As promised, here’s the second instalment of my tattoo series, a feature requested by you! This month I’m talking about the tattoos I most often get asked about, the ones that make up my half sleeve.
I just want to take this chance to thank you all for being so lovely about the first part of this series as I know (from experience) that when people dislike tattoos it’s usually with a passion, so I wrote about mine a little tentatively at first. But you’ve all been incredibly warm about my tattoo stories, so I really hope you find this part just as interesting too.
Before I started this half sleeve, which took about 2 years from beginning to end, I took a moment to consider that if I went ahead I was about to cross the threshold I talked about in part 1. This tattoo would be the one that would make me into a ‘tattooed person’. It felt less of a big deal to me because, at the time, I was surrounded by a lot of heavily tattooed people so there was never a question about it being out of the ordinary. As a person who loves tattoos, being around others who love tattoos just as much and planning your next one is such a buzz.
The main element is Dorian Gray’s portrait. As Wilde’s only novel, it was the most accessible to me as a young reader and I can’t begin to guess how many times I read that book over and over. I guess that’s not too surprising, there is so much to flatter a young mind in Picture..: the importance of youth above all else, the duty to experience life fully and of course the idea you can do what you like and get away with it. Throughout my tumultuous 20’s, that writing stuck with me; I would often joke about the state of my own portrait in the attic as I weathered increasingly large storms, mostly ones of my own making.
When choosing from Wilde’s short stories for the rest of my arm, two immediately came to mind as being my very favourite: The Nightingale and The Rose, and The Happy Prince. The Nightingale and The Rose haunted me when I first read it, just the thought of that lovely little creature sacrificing herself for that spoiled little shit upset me so much. What it left me with was the lesson to not offer help to people who didn’t deserve it (and certainly not entitled little shits) but now I think a little differently about it…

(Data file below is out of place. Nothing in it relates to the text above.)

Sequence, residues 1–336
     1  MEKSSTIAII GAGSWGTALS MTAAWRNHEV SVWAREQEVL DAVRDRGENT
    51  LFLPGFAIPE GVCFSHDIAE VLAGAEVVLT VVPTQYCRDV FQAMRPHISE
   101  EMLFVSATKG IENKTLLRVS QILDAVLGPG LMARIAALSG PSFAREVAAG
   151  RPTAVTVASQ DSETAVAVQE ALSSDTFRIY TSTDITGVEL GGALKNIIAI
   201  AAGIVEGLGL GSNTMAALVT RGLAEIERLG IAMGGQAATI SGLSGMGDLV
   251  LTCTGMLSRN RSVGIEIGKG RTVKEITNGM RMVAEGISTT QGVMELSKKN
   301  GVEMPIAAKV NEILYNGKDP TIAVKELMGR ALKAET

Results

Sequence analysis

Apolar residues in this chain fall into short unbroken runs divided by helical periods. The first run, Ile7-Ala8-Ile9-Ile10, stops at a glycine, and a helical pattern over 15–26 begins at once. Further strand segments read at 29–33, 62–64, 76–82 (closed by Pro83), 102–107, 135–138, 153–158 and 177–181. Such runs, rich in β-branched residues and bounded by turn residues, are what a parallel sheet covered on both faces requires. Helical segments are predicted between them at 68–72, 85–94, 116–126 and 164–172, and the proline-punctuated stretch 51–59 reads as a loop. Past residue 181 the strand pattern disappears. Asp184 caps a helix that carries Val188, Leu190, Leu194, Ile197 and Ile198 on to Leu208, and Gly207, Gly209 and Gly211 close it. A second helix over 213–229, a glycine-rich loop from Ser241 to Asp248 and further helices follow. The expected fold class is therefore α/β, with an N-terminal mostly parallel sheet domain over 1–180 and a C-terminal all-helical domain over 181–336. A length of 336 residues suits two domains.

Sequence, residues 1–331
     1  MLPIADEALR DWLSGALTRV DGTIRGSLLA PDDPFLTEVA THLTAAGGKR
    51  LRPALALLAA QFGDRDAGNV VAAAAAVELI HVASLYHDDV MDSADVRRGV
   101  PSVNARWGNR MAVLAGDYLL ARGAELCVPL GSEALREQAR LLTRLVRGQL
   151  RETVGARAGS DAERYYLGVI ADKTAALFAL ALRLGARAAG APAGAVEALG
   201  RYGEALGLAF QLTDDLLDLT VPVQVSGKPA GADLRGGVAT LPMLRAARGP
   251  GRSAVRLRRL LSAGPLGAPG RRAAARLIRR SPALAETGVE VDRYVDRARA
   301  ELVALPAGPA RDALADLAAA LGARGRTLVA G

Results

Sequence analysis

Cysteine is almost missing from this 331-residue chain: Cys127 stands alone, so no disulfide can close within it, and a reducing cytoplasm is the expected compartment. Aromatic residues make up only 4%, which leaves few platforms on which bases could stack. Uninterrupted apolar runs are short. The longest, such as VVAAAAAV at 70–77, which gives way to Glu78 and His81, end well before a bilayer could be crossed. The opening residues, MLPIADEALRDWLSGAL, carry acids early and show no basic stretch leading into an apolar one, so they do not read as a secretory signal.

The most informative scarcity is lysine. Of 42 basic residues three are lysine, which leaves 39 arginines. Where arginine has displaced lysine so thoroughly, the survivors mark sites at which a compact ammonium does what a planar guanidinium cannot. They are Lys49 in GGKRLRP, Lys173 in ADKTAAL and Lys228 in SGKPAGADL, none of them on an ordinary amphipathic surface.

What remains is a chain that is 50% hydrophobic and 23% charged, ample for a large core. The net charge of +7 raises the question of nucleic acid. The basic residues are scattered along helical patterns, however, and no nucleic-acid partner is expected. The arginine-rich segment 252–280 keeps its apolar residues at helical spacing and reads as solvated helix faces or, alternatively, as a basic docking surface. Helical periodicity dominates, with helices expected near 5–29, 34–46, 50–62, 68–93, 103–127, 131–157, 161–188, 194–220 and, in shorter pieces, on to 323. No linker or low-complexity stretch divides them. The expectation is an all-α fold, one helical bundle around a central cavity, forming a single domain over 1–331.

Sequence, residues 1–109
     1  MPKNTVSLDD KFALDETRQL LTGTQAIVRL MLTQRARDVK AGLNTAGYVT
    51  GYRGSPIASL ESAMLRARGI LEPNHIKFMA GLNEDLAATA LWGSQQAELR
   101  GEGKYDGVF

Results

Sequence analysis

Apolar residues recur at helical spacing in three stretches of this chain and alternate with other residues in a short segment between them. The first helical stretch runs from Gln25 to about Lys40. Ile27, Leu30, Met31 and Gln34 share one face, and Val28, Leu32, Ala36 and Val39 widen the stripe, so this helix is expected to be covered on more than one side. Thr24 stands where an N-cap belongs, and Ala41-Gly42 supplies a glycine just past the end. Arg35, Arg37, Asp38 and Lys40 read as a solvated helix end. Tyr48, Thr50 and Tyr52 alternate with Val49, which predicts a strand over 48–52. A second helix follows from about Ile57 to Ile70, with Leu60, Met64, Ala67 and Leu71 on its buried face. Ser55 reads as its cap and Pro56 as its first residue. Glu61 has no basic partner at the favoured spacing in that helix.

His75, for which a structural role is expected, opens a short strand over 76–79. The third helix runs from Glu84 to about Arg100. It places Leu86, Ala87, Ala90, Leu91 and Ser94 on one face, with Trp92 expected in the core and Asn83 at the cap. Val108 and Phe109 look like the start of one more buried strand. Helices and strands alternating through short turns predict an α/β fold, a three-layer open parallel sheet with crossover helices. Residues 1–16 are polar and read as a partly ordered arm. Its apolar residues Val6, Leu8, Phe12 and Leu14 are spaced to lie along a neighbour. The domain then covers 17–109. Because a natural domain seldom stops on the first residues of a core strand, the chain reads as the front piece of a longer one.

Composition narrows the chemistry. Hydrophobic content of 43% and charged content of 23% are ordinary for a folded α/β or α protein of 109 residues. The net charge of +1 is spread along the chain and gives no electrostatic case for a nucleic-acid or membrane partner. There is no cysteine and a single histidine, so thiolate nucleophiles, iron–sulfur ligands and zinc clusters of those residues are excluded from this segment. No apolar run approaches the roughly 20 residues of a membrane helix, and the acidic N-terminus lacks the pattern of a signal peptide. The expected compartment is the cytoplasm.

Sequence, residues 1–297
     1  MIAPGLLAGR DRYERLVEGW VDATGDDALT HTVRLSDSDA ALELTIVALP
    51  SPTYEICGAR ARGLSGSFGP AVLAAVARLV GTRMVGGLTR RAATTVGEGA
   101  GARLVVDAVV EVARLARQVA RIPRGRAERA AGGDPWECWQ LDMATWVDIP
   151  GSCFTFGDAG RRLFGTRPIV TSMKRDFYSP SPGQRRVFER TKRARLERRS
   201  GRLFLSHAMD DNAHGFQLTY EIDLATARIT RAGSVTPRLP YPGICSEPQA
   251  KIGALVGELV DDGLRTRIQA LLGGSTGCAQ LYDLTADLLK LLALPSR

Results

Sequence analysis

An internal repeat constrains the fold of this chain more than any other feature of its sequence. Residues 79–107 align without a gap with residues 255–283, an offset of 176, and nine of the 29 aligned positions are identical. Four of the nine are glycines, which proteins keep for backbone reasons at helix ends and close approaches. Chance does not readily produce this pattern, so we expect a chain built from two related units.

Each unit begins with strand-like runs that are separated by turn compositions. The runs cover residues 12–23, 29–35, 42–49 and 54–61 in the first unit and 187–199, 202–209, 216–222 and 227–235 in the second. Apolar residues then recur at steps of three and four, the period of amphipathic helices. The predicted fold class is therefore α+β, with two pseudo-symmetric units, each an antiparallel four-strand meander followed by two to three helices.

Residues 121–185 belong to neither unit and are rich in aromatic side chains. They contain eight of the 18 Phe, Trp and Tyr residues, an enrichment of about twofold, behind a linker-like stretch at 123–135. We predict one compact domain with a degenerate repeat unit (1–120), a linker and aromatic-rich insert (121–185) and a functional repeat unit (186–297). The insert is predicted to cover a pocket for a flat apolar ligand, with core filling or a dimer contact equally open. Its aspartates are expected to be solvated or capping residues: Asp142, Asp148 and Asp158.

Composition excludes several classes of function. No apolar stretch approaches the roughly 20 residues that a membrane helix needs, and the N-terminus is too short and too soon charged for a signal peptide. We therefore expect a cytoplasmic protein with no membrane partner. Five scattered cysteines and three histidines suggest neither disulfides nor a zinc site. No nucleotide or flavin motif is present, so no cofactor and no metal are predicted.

When I think about that story now, what happens after the nightingale ultimately dies is almost irrelevant, that’s the wry sting in the tail that so much of Wilde’s storytelling has. But what story means to me now is that there is so much beauty to be found in a pure heart and a selfless act. I knew immediately that I wanted to commemorate the gorgeous little idiot nightingale in my tattoo.
Image c/o @vickymorgantattoo (Instagram)
The Happy Prince, now I think about it, is a variation on the same theme but with added ‘importance of charity’ vibes. A huge motif in that story is giving until you have nothing left to give, and the message is received more readily by me now than when I was a child. The sapphire eyes and ruby mouth from the Happy Prince himself, plus the little swallow that helps him in his endeavours have been worked into my tattoo within the frame of the Dorian Gray portrait: a case of the selfless in with the selfish I suppose.
Image c/o Source Vintage
Overall I chose to focus on Wilde’s writing because, simply put, I love it. When I was growing up, Wilde’s short stories filled me with wicked glee, as a teen I got caught up in the plays and tragic character of Wilde himself, and now as an adult I have such fondness for his writing and a lovely nostalgia for those short stories. I won’t for one moment pretend that the man isn’t without his failings, Wilde really is one of the ultimate problematic faves, but his work has been very important to me over the years and I love very fiercely the tattoos that were inspired by those stories.